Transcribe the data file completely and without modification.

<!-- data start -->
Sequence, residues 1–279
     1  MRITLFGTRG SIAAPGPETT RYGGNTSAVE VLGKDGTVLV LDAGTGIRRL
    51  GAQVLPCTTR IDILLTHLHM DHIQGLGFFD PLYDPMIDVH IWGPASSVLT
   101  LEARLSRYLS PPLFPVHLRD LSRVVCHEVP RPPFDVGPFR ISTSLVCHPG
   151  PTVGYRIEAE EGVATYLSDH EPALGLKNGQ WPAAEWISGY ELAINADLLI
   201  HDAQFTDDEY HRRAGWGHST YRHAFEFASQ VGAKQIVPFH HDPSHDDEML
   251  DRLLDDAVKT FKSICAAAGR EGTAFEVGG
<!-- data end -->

Sequence, residues 1–279
     1  MRITLFGTRG SIAAPGPETT RYGGNTSAVE VLGKDGTVLV LDAGTGIRRL
    51  GAQVLPCTTR IDILLTHLHM DHIQGLGFFD PLYDPMIDVH IWGPASSVLT
   101  LEARLSRYLS PPLFPVHLRD LSRVVCHEVP RPPFDVGPFR ISTSLVCHPG
   151  PTVGYRIEAE EGVATYLSDH EPALGLKNGQ WPAAEWISGY ELAINADLLI
   201  HDAQFTDDEY HRRAGWGHST YRHAFEFASQ VGAKQIVPFH HDPSHDDEML
   251  DRLLDDAVKT FKSICAAAGR EGTAFEVGG